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Title: Travel without visas : teacher perception of a technology intervention in the Dadaab refugee camp
Author: Telford Mansour, Rebecca Grace
ISNI:       0000 0004 7428 3330
Awarding Body: University of Leicester
Current Institution: University of Leicester
Date of Award: 2018
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As the numbers of people who are forcibly displaced continues to grow, education for refugee children is in crisis. More than one third of refugee children globally are missing out on primary education and the safety and education of girls are disproportionately affected. Teachers are crucial to providing quality education for these children. By focusing on teachers in the refugee camp and their perception of technology-based learning, this study aims to contribute to the global body of practitioner and academic knowledge which will be required to meet the needs of the refugee crisis globally. Teacher perception of technology-based interventions aimed at improving the quality of learning and teaching for refugee populations were explored through a case study on Dadaab, a refugee camp on the Kenya-Somalia border. This study considers teacher engagement with the Instant Network Schools (INS) programme, an initiative between UNHCR and the Vodafone Foundation that aims to embed technology into formal schools in Dadaab. Using the framework of Activity Theory, the research comprised bimonthly visits to Dadaab over 18 months and centred on 21 semi-structured interviews with teachers in INS schools supported by my own observation in schools and discussions with teachers and other stakeholders. This application of Activity Theory outside its historical domain is a potentially valuable contribution to knowledge and methodological innovation, responding to literature which questions the ability of Activity Theorists to engage outside of their own context, or with activity systems which are less linear. This study found that in-depth engagement with structural issues from the outset means that Activity Theory can be a valuable methodological tool in researching systems which include complex hierarchies of power. Analysis of the data revealed the following broad themes: 1) teachers perceived significant benefits of the INS programme, in spite of challenges which slowed the set-up of hardware and connectivity; 2) the ability to bring the outside world to refugee children who are isolated within the camp was seen as the greatest benefit, allowing the children to ‘travel without visas’; 3) there are many opportunities to develop the INS programme which centre on co-designing the training, curriculum and programme management with the teachers and schools involved; 4) many of the challenges to optimal use of the programme including impact on student learning outcomes relate to structural and macro-political issues which should also be considered in the programme design. Of these, the first was counter-intuitive and constitutes a novel finding, as teachers who had little or no access to the technology itself still reported the same levels of satisfaction with the intervention. This suggests that the technology has a symbolic value which is of significant importance to the teachers involved, and further understanding this value could improve our understanding of teacher priorities and how to better design meaningful interventions.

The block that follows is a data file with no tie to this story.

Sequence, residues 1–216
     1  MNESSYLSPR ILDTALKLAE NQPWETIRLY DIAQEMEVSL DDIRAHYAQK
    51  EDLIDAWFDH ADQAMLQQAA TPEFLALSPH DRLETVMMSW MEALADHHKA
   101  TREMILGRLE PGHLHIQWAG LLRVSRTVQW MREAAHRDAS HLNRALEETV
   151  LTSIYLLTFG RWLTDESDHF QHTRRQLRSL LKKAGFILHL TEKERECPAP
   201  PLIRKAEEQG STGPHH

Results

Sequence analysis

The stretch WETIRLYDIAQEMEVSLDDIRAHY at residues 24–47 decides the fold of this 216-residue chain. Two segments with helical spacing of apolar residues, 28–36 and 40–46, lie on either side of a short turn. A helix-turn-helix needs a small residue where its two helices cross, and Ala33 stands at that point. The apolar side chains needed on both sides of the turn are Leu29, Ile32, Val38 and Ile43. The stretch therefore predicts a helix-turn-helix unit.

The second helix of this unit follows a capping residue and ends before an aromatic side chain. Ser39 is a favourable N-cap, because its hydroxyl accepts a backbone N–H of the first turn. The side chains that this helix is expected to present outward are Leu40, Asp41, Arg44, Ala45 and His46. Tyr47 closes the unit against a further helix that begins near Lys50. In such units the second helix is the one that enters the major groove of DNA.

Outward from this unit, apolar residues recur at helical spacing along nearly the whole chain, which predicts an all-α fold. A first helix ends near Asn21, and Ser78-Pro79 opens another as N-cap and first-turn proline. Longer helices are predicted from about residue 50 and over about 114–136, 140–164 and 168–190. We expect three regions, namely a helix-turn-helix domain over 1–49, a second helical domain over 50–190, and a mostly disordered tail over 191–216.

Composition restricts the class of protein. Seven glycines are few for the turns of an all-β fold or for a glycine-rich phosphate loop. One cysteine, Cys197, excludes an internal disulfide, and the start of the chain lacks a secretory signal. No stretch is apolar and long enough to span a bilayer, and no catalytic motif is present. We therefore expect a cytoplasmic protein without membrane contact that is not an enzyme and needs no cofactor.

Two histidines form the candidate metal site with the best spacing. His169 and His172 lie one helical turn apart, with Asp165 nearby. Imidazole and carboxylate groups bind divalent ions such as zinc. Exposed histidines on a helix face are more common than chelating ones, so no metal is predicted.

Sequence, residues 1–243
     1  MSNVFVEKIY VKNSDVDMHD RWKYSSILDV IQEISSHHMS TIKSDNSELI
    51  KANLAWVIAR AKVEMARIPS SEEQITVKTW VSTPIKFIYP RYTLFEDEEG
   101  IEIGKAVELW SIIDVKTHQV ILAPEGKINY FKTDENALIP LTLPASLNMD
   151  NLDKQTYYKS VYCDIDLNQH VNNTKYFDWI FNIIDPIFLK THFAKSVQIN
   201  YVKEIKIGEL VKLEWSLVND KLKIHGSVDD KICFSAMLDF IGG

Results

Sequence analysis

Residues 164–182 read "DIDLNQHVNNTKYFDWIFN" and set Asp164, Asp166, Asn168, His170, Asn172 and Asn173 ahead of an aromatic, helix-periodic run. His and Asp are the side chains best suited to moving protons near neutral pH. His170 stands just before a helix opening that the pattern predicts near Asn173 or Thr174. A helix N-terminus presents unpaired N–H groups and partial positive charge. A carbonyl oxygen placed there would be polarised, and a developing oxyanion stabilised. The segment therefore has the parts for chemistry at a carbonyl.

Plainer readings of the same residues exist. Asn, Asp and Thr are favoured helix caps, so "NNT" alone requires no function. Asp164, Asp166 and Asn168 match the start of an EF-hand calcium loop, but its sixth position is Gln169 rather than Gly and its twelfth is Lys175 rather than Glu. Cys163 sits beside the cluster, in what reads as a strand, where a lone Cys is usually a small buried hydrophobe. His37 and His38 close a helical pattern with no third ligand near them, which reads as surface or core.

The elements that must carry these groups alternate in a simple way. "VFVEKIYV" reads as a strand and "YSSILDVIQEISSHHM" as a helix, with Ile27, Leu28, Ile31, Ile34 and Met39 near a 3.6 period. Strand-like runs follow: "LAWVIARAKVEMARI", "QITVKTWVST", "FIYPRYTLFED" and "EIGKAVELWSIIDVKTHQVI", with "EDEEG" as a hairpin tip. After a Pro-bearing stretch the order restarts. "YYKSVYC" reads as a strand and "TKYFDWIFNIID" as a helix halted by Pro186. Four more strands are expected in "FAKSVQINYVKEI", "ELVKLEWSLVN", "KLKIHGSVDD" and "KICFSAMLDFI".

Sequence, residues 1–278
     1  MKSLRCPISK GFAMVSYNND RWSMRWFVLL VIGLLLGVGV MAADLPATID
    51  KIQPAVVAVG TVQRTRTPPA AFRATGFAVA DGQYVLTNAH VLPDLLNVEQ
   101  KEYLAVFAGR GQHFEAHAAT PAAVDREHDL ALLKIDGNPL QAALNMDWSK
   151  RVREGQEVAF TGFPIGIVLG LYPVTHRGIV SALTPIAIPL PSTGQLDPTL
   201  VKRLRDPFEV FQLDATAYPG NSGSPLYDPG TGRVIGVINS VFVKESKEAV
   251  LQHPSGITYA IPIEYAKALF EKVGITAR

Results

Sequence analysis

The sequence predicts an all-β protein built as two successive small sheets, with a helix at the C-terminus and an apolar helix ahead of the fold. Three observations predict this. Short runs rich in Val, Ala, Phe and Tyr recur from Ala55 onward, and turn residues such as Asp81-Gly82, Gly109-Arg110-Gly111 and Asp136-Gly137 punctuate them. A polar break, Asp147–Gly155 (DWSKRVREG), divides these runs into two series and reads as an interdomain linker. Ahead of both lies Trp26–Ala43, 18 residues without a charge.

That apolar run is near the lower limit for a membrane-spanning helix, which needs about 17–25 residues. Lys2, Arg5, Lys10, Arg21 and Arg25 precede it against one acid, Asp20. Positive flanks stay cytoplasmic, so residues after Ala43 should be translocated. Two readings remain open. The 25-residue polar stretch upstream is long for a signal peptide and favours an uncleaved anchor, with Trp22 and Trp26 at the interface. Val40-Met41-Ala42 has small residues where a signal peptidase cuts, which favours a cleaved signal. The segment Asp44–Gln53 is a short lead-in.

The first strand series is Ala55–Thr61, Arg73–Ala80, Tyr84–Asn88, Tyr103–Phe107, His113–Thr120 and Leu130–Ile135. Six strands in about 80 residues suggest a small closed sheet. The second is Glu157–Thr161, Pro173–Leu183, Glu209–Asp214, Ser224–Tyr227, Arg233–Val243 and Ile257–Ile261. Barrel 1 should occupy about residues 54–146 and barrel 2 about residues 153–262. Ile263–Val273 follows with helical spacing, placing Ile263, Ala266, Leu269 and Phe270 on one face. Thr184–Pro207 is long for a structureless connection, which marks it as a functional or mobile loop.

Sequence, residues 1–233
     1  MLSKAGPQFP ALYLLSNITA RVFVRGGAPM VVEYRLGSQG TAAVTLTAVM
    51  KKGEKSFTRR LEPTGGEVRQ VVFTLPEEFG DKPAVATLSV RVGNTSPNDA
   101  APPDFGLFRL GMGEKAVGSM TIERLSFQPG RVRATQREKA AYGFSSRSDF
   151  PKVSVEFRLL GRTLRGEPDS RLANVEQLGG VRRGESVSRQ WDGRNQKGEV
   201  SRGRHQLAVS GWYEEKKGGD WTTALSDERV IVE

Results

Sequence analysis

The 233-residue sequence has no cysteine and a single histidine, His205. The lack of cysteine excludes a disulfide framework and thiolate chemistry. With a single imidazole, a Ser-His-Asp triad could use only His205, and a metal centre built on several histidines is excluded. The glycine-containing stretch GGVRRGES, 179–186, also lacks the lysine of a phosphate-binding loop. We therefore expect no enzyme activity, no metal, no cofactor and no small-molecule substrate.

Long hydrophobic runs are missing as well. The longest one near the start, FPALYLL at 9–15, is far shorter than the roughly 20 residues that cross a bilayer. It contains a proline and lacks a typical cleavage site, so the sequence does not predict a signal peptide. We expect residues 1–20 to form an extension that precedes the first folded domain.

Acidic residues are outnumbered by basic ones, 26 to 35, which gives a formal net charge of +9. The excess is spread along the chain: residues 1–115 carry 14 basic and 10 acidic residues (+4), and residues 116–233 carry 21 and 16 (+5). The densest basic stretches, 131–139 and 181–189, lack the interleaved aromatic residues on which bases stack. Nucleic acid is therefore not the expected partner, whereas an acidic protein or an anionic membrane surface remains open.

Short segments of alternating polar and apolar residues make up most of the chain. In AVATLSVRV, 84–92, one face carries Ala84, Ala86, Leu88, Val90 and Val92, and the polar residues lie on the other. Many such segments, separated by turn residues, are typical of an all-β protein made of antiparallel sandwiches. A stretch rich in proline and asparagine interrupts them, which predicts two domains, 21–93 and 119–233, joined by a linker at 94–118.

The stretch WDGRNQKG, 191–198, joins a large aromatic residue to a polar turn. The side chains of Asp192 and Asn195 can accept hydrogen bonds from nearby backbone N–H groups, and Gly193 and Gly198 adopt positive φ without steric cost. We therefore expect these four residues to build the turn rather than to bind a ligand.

Supervisor: Edirisingha, Palitha ; Woodhouse, Joan ; Conole, Grainne Sponsor: Not available
Qualification Name: Thesis (Ed.D.) Qualification Level: Doctoral
EThOS ID:  DOI: Not available